FIBER: The Foundation of International Business and Economic Research. — UX Engineering, Branding — Summer 2018: 7-Week Project
FIBER UX Redesign
FIBER (the Foundation for International Business and Economic Research) is a business cycle analyst corporation
that indexes global data to provides major businesses and market participants essential economic forecasts.
FIBER’s informational website and online interaction had become outdated. My task as an intern was to optimize FIBER’s online presence and create a modern, fully interactive and responsive interface. Crafting a new, thoughtful user experience would help inspire trust and security between the company and client. I was expected to create a fully functioning solution by the end of my term.
Over the course of my internship, I worked with Maria, the content editor for FIBER, as well as with one of FIBER's consultants and specialists, Rikard, to research, ideate, discuss, and implement the newly designed and refined user experience.
Front-End Web Programming
Prototyping, Usability Testing, Reiterating
I designed all prototypes and iterations of the experience. Worked with potential users of the website to conduct usability tests and further iterating with appropriate changes after user feedback evaluation.
Discussed with business executives FIBER's online identity, the standards of the corporation, and how to design a thoughtful and deliberate online interaction to create a pleasant impression for clients. Designed all icons and graphics.
Context + Initial Research
Purpose of Online Interaction
Fiber does most of its business off the company's main site and distributes data through a secure, server-based software. After discussion with team members and FIBER executives, we decided that the purpose of the website should be to clearly convey FIBER's identity and the information and products the company has to offer.
Preliminary Usability Test
Before we dove into developing concepts and iterations, we conducted a preliminary usability test to identify potential areas of improvement across the website.
Our findings include:
Poor optimization. Site content did not adapt based on browser size; resulted in content pushed into the top left-hand corner.
Inconsistent placement of the menu bar. In certain windows there would be an additional menu bar displayed vertically.
Graphics were irrelevant and distracting to the message of the company.
Users noted the website as operational, but somewhat confusing and not an impactful experience.
FIBER suggested to proceed with simplicity and ease of navigation in mind. In order for users to understand the content with more clarity, I decided to design all graphics and icons as basic and symbolic as possible. This way, instead of being distracted by elaborate illustrations while users are browsing, the graphical elements act as visual aids to help understand the content at hand.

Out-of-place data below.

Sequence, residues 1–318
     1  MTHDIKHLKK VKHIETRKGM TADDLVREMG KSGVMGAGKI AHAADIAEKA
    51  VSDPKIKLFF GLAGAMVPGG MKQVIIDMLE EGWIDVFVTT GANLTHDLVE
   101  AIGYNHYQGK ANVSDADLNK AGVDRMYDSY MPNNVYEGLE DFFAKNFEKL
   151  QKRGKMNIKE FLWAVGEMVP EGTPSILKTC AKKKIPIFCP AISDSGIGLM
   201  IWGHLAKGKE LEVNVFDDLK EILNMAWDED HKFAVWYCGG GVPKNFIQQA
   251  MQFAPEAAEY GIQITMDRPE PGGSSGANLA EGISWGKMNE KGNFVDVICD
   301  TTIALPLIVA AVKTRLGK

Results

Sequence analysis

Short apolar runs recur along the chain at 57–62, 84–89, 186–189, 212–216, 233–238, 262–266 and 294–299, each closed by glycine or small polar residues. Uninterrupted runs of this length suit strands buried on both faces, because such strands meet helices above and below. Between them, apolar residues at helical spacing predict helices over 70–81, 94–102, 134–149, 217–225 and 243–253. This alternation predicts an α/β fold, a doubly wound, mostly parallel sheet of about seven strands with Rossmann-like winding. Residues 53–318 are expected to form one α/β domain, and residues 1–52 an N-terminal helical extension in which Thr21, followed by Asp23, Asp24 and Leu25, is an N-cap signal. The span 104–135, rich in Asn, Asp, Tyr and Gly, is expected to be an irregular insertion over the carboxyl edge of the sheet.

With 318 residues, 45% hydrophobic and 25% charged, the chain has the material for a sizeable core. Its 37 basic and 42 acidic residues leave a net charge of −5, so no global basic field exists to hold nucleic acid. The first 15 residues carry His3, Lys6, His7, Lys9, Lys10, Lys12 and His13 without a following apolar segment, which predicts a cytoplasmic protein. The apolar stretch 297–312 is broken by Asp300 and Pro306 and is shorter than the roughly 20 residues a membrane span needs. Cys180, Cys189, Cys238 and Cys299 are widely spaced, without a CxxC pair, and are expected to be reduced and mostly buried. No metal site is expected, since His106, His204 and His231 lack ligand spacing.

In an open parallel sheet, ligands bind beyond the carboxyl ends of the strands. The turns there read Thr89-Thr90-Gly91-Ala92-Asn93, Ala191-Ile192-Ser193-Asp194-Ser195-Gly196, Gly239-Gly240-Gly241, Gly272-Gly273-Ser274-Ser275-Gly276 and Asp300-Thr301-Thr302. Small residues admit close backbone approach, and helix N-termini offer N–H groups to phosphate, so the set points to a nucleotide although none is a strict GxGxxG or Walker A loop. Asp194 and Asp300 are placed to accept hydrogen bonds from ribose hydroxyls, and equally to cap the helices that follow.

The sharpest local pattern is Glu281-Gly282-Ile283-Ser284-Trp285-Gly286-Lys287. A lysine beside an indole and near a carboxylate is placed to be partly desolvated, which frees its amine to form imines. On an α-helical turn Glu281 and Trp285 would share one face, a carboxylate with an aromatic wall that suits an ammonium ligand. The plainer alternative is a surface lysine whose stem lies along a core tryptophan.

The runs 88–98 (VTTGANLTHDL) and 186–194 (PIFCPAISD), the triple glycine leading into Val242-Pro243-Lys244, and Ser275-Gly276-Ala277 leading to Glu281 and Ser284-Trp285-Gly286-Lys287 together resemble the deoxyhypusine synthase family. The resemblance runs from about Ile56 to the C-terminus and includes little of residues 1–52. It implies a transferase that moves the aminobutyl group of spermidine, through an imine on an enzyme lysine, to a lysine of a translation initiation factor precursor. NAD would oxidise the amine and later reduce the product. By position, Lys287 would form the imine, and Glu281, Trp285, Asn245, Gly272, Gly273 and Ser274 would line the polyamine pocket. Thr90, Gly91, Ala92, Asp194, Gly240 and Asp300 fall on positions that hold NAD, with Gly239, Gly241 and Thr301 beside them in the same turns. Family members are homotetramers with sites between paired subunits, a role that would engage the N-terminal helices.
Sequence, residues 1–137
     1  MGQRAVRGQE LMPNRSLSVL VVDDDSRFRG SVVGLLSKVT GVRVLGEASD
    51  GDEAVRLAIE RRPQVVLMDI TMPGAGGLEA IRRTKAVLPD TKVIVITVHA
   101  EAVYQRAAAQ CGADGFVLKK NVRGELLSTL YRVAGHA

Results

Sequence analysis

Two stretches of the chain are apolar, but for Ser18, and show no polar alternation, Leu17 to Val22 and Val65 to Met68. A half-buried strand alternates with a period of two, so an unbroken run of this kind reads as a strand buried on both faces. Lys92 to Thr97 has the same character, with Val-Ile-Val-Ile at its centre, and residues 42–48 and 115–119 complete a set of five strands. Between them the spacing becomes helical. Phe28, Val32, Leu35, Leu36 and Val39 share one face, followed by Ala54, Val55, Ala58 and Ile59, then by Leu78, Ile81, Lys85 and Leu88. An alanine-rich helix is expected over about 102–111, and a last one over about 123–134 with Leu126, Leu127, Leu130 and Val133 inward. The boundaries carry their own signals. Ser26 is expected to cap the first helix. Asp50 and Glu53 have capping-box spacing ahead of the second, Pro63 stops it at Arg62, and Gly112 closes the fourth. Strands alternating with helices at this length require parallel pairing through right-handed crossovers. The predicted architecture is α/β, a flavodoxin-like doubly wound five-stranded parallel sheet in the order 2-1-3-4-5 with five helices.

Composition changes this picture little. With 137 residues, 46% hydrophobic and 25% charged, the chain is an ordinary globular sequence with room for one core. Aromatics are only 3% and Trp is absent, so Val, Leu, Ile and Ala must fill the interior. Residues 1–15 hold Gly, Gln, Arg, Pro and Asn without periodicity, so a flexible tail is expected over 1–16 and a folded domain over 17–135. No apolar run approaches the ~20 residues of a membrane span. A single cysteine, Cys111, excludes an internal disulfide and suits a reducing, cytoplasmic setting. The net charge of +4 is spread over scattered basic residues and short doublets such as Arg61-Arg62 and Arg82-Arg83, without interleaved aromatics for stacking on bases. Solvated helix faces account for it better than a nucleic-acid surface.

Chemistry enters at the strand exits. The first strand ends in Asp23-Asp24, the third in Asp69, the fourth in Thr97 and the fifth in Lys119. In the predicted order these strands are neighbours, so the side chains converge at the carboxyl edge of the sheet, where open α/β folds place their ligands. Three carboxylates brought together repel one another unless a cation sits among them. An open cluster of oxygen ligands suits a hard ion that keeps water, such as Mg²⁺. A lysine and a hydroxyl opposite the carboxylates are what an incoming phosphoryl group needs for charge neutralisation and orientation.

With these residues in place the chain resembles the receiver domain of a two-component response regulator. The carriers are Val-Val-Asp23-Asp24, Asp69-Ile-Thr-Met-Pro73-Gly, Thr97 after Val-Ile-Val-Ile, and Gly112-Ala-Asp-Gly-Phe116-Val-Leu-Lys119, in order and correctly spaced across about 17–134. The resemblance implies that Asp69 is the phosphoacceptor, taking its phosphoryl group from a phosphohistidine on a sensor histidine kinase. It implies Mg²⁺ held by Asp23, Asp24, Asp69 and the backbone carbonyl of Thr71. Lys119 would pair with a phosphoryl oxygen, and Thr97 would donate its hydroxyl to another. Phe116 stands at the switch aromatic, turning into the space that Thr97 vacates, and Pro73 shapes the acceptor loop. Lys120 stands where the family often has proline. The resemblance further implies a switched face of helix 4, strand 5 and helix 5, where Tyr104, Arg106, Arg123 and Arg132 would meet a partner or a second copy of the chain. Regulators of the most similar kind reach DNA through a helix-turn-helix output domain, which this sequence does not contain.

After initial usability testing, we developed an affinity diagram to note some of the main features our new design will implement.
We underwent three rounds of low fidelity ideation; two rounds before digitization + initial implementation of the design, and one round after usability testing to make appropriate modifications based on user feedback. Each round of wireframe ideations consisted of three to five convergent ideations, each ideation improving and/or elaborating on the previous ideation's weak points or miscellaneous sitemap flaws.
Usability Testing + Implementation
We ran usability tests on three different users after developing and implementing our features to FIBER's online site. Each user mentioned that the text was too small for comfort when the screen was stretched the full length of their monitor. Another issue for each user was that they had to scroll up in order to find the menu to navigate to a different page. Two of the three users mentioned that this discouraged them from further exploring the site. One user also mentioned that there was too much text and no visual aid.
In the second version of the site, we addressed these issues appropriately by implementing adaptive text scaling, a frozen header with hidden side navigation, a prompting concept to encourage user interaction, and lastly, new and relevant graphics. After we finalized these functionalities and aids, we ran a follow-up usability test with the same three users. Our findings include:
Card prompts at the bottom of each main page successfully encourages cyclic interaction and increases the user's engagement.
Side navigation bar is considered simple to use by the users.
Graphics aid the user in making sense of the information presented.
A sitemap of FIBER's website, illustrating our continuous prompting method developed after evaluating usability tests. By including larger visual prompts at the end of each screen, users were more actively engaged in interaction with multiple pages within the site.
FIBER's website went live in August 2018.
Seeing my research, ideations, prototypes, testing, and implementations evolve from the first stages of my internship to becoming a functional and actualized product accessible on the web was an elating and humbling experience. It was an extraordinary challenge for me to immerse myself in a hitherto unfamiliar field, working alongside and learning from leaders of the organization who are experts in the subject. It is gratifying to see the product live and supporting the business functions of the organization, contributing to the improvement of their web presence, and ultimately, their outward-facing identity.
Check out FIBER's website at www.fiber-nyc.com